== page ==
I wrote the following feature and sidebar exploring some trends about the changing face of Neb. and the University of Nebraska at Omaha, my alma mater. Slowly but surely the state and some of its institutions are becoming more diverse. Some of the changes can be readily seen already, others not so much, but in a few decades they will be more obvious. It’s a healthy thing that’s happening, though diversity is still taking far too long to be fully felt and lived and embraced in all quarters, but that’s for another story.
Nebraska’s Changing Face
©by Leo Adam Biga
Nebraska’s “Plain Jane” sameness has long extended to its racial makeup. Diversity hasn’t held much truck here. Even when the foreign-born population was at its peak in the state’s first half century, the newcomers were predominantly of European ancestry.
An African-American migration from the Deep South to Omaha in the early 1900s established the city’s black base. Until a new immigration wave in the 1990s brought an influx of Africans and Latinos-Hispanics to greater Neb., the composite face of this Great Plains state was decidedly monotone.
The perception of Flyover Country as a bastion of white farmers has never been completely accurate. The state’s two largest metropolitan areas, for example, have always boasted some heterogeneity. Urban areas like Omaha and urban institutions such as the University of Nebraska at Omaha express more racial-ethnic diversity because of longstanding minority settlement patterns and the university drawing heavily from the metro.
But it is true Neb.’s minority population has always been among the nation’s smallest, which only supported the stereotype.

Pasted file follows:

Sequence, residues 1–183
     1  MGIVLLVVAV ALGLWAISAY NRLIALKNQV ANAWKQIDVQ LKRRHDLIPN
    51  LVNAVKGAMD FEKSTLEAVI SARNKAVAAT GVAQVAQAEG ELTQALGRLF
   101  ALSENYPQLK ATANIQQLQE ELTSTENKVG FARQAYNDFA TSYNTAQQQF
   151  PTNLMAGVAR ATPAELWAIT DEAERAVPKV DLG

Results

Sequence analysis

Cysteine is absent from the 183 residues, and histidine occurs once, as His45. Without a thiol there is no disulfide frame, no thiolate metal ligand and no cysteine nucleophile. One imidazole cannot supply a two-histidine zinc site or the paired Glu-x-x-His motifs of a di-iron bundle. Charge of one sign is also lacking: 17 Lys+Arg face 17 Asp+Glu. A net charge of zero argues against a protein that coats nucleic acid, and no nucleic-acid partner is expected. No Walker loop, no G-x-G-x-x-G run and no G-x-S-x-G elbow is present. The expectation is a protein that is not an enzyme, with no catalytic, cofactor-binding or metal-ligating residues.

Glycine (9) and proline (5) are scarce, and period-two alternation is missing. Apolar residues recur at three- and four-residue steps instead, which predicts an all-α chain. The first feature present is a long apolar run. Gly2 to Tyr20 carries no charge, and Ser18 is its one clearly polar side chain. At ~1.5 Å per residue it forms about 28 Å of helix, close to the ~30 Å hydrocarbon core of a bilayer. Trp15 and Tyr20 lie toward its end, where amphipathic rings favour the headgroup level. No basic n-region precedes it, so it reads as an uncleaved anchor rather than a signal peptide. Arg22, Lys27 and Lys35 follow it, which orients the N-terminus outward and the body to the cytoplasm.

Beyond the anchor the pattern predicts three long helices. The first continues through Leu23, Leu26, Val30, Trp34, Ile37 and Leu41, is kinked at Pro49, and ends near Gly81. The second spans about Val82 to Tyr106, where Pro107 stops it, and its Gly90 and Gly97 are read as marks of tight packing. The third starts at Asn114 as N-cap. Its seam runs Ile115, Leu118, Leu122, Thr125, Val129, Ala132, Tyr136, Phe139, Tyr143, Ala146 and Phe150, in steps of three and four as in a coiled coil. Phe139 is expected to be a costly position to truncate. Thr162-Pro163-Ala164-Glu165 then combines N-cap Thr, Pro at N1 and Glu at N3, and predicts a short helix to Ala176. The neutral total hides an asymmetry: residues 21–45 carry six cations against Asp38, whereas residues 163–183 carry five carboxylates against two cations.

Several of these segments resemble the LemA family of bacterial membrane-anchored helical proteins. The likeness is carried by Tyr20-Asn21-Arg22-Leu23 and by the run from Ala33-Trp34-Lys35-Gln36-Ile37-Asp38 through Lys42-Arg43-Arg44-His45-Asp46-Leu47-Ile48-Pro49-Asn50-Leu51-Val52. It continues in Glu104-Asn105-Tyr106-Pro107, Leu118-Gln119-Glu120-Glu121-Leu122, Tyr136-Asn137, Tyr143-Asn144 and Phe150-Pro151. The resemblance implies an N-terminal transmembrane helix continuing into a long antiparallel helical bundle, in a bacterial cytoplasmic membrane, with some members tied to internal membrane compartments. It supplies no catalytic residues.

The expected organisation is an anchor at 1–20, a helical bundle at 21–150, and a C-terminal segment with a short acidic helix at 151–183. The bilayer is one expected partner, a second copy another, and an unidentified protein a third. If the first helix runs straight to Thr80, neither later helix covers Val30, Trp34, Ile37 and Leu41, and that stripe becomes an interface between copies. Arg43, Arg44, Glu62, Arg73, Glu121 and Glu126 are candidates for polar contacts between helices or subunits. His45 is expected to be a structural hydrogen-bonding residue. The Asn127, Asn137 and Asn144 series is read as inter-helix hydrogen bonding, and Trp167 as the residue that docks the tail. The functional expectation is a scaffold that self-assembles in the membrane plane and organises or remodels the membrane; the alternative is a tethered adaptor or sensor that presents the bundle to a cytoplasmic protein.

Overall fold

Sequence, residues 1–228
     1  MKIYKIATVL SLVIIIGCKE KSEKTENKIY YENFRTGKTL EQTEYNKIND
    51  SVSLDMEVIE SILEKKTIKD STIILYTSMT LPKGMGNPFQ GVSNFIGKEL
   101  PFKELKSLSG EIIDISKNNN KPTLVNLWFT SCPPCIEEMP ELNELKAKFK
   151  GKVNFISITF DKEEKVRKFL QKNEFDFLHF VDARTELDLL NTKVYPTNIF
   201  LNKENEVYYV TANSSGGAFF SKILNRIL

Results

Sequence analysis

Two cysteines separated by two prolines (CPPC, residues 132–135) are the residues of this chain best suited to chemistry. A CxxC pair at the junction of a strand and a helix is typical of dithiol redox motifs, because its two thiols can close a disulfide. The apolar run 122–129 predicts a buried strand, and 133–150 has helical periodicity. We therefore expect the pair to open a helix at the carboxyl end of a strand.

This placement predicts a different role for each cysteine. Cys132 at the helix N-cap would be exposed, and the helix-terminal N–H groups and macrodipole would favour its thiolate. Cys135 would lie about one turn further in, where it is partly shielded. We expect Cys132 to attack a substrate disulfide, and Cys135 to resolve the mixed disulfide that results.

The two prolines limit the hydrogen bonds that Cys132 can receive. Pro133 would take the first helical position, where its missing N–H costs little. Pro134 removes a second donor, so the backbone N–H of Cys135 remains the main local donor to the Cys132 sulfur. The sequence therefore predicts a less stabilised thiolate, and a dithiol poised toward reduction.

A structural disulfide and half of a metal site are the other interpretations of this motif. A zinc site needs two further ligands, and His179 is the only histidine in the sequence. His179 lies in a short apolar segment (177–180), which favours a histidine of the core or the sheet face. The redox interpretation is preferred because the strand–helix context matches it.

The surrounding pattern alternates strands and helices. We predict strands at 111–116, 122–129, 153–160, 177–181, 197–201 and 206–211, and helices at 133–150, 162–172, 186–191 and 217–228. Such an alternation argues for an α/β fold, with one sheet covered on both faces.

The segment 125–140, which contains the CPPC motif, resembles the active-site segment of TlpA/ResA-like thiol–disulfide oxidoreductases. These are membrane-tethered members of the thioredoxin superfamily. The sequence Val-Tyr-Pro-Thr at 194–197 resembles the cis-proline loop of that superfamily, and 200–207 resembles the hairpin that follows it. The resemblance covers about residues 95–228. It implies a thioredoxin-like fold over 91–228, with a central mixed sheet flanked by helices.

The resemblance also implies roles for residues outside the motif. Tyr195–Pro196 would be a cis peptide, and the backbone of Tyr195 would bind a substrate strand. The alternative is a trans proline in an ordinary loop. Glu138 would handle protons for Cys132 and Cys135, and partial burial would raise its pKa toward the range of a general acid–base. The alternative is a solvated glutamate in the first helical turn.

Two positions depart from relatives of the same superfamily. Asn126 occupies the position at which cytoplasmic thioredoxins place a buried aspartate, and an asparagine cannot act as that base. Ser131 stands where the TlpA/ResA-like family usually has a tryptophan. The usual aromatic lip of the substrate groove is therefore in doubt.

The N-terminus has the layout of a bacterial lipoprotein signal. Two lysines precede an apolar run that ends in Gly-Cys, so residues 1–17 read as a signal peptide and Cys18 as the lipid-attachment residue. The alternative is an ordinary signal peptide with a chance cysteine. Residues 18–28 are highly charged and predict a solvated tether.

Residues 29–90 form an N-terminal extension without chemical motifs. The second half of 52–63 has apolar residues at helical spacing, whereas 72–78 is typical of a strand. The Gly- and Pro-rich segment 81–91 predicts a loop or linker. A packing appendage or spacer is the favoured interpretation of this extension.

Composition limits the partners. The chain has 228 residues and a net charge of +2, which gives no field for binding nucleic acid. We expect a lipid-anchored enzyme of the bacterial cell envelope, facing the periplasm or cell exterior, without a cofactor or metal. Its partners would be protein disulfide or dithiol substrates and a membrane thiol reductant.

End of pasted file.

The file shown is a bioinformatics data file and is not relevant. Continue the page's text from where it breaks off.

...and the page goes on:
Finally, though, its minority numbers are going up and its diversity broadening.
Still, if Nebraskans posed for a group portrait as recently as 1980 more than 9 of every 10 would have beeb white. Only 6 percent identified as African-Americans, Latino-Hispanics, Native Americans or Asians.
The lack of diversity extended virtually everywhere. The largest minority group then, blacks, was highly concentrated in Omaha. Despite slow, steady gains blacks still account for only 13 percent of the city’s population and 4 percent of the state’s population.
But as recently announced by UNO researchers, Neb. is changing and with it the face of the state. A group picture taken today would reveal a noticeable difference compared to a quarter century ago, with whites now accounting for 8 of every 10 residents. Indeed, the state’s minority population has more than doubled the past four decades, with by far the largest increase among Latinos-Hispanics, who now comprise the largest minority segment. Latinos-Hispanics are on a linear growth trajectory. They tend to be young and their women of childbearing age.
Minority growth has been even greater in select communities, such as Lexington, where meat processing attracted newcomers.
Celebrated native son filmmaker Alexander Payne’s new movie “Nebraska” – set and shot primarily in the northeast part of the state – accurately portrays a slice of Neb.’s past and present through a large ensemble of characters, all of whom but two are white. The exceptions are both Hispanic. The Oscar-winning writer-director may next make a partly Spanish-language feature about the impact of the immigrant population on Neb.’s towns and cities.